Hot on the heels of releasing Colorista II, post-production plugin repository Red Giant Software has announced Magic Bullet Suite 10, which updates all previous Magic Bullet plugins to 64-bit and Adobe CS5 compatibility, now includes Colorista II, and throws in Grinder, PhotoLooks, and Denoiser. Grinder is their recent DSLR-specific transcoding application, PhotoLooks is their still version of Looks, and Denoiser is a brand new product that looks to be a valuable addition to the indie filmmaker's toolkit.
I've only been using Colorista II for two days now, having just shot a late-night, not-exactly-legal trailer for my project 3rd Rail in preparation for Independent Film Week. Funny story: if you don't want to call attention to your permit-less guerilla shoot, in a post 9/11 world it's probably not a great idea to have someone play dead on an in-service subway train -- covered in fake blood. Yes, a bystander thought he'd really been shot, and yes, they went and got the transit police. Miraculously, by covering up our equipment and the fake wound, and by looking the other way and whistling nonchalantly, we escaped undetected. That is, until I blogged about it here!
Anyway, so far I've been very impressed by Colorista II, though I wish they would work out the mouse interaction bug in Premiere Pro (which is apparently Adobe's fault). Still, it's a terrific plugin that offers unprecedented color correction tools in its price range, and with the aid of Stu's great tutorials, it's very easy to learn.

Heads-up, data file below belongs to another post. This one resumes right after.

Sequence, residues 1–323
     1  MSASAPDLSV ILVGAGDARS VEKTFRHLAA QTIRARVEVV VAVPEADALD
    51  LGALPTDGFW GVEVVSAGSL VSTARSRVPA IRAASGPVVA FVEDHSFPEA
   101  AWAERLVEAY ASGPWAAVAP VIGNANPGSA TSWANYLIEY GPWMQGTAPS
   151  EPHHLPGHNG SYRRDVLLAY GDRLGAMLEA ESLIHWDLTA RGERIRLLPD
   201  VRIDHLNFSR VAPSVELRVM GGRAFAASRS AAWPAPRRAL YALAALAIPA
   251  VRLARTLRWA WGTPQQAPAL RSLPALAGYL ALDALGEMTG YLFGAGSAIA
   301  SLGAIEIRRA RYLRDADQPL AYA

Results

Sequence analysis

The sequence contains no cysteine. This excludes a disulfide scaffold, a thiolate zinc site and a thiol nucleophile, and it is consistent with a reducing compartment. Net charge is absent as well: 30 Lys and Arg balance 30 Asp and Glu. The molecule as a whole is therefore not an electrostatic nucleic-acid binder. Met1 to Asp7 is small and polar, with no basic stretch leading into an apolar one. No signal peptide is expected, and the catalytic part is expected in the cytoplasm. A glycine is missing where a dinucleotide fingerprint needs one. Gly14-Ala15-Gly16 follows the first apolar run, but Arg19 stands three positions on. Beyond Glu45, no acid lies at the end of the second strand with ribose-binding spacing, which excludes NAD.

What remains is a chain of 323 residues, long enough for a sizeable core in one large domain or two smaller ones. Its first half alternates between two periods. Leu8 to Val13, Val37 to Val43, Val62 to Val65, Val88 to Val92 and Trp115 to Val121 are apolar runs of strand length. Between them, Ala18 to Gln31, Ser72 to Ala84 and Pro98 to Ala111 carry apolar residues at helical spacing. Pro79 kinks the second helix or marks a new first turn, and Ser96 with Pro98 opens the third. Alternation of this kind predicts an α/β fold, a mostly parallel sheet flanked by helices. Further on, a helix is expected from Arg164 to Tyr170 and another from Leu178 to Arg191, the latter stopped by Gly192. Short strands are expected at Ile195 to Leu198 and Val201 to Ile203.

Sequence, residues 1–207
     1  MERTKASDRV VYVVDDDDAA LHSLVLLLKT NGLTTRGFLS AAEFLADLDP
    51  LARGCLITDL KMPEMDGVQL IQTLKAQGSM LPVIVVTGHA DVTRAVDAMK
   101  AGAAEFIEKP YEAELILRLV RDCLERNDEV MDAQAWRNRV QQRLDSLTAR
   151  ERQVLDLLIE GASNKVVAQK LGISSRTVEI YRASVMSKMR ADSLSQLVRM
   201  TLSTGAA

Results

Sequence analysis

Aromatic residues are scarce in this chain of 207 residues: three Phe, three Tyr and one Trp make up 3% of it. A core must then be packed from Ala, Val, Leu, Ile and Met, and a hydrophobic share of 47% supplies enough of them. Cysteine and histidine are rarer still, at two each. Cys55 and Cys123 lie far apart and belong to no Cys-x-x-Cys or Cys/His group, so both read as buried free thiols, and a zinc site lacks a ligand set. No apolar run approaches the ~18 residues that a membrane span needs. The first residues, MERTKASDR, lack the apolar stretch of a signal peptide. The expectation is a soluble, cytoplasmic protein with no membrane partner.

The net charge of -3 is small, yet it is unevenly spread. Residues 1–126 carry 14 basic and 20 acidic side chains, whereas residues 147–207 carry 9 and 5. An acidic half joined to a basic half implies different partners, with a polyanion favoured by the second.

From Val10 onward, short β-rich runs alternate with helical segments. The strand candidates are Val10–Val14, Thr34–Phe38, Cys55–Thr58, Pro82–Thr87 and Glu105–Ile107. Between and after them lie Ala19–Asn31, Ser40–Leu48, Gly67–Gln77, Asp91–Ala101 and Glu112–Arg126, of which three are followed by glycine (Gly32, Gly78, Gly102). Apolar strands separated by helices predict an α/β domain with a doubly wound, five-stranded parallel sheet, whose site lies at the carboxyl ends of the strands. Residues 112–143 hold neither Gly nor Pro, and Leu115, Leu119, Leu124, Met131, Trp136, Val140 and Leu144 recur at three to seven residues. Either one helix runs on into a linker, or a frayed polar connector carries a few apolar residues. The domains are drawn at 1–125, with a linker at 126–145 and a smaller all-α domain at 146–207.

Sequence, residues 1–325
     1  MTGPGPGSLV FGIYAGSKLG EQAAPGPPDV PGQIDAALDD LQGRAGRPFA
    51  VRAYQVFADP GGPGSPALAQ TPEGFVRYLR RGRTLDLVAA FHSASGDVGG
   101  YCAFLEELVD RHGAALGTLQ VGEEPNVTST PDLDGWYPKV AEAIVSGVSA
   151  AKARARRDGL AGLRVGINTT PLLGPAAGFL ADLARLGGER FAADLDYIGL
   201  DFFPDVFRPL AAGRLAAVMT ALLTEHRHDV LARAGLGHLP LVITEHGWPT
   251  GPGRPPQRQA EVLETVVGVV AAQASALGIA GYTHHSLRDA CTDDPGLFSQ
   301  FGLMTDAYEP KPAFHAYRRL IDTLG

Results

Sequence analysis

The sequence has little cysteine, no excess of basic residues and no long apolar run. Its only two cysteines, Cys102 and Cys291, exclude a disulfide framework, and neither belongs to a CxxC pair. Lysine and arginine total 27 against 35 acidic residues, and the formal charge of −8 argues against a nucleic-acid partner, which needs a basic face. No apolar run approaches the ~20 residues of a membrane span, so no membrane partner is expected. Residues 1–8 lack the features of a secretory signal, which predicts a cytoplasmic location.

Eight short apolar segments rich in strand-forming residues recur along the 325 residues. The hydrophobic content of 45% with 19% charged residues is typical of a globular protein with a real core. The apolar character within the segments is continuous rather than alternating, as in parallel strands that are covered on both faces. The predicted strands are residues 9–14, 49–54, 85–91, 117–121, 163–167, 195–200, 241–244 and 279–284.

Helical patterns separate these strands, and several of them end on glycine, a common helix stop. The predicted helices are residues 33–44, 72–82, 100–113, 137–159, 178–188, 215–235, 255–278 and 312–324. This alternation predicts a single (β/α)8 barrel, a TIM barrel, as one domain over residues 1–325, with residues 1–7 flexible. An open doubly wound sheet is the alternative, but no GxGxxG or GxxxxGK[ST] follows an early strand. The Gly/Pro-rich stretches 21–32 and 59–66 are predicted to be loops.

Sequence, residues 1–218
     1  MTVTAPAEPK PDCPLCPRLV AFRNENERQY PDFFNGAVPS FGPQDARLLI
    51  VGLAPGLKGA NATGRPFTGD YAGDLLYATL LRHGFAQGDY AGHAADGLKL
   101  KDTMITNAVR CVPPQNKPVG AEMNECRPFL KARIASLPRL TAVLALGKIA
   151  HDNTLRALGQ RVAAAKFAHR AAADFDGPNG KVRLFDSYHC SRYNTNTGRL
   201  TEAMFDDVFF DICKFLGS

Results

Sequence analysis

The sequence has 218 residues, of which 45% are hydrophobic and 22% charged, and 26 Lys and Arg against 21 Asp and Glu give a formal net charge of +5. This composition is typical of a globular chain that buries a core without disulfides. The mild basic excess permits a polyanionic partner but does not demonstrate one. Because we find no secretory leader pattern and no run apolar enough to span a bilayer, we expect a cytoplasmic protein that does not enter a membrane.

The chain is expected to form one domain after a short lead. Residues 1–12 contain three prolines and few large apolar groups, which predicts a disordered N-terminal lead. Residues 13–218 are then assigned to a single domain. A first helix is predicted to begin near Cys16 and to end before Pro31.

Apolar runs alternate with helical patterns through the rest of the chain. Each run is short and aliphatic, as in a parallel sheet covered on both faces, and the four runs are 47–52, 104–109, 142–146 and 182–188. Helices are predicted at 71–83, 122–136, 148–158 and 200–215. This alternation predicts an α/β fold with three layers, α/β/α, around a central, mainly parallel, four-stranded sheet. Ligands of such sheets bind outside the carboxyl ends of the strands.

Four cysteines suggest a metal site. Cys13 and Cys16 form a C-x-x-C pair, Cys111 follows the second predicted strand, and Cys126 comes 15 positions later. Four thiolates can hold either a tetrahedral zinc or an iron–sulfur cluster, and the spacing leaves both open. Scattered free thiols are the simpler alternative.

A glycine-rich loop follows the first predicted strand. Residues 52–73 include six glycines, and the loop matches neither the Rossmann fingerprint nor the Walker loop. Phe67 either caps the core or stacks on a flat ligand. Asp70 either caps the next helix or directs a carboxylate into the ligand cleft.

I haven't found a need for Grinder yet as I've been beta testing some incarnations of 5DtoRGB. I also haven't used PhotoLooks, but I can well imagine it's a handy tool that does for stills what regular old Looks does for videos. However, the intriguing brand-new product in Suite 10 is Denoiser:
Magic Bullet Denoiser is a brand new Red Giant product for removing noise from film and video. It is a new addition to Magic Bullet Suite 10 or can be purchased as a stand alone product. Denoiser goes far beyond the run of the mill noise removal methods that tend to blur fine detail. Denoiser's accurate motion estimation algorithms guarantee great-looking video. Denoiser's default settings work well for most footage right out of the box.
For noise reduction, I'm personally a fan of Neat Video, and in fact have just written a bonus chapter for an updated, expanded version of the DSLR Guide that I'll be releasing here tomorrow (stay tuned!). However, I have a few issues with Neat Video -- namely, that it doesn't utilize GPU acceleration and as a result it's pretty slow, and also that each host software requires a separate purchase (if you want to use it in Final Cut and After Effects, you have to buy it twice). Magic Bullet Denoiser looks to be an interesting alternative, and is one I'll be testing over the next week of editing the 3rd Rail teaser.
Red Giant has a very liberal license policy, and as someone who just purchased Magic Bullet Suite 2009.2 (which includes Colorista II), I was worried that I was going to have to upgrade again. However, according to their FAQ:
I just bought Magic Bullet Suite 2009.2, do I qualify for a free upgrade?
Yes! In fact, any customer who purchased Magic Bullet Suite 2009.1 or 2009.2 qualifies for a free upgrade to Magic Bullet Suite 10.
Right now it appears that they've only activated the $99 upgrade from 2009.x, but I assume the free upgrade is on its way. Either way, Red Giant's full court press on the post-production plugin market continues, as they're offering very useful tools at very aggressive prices. Anyone else finding Red Giant's plugins especially handy lately?
Link: Magic Bullet Suite 10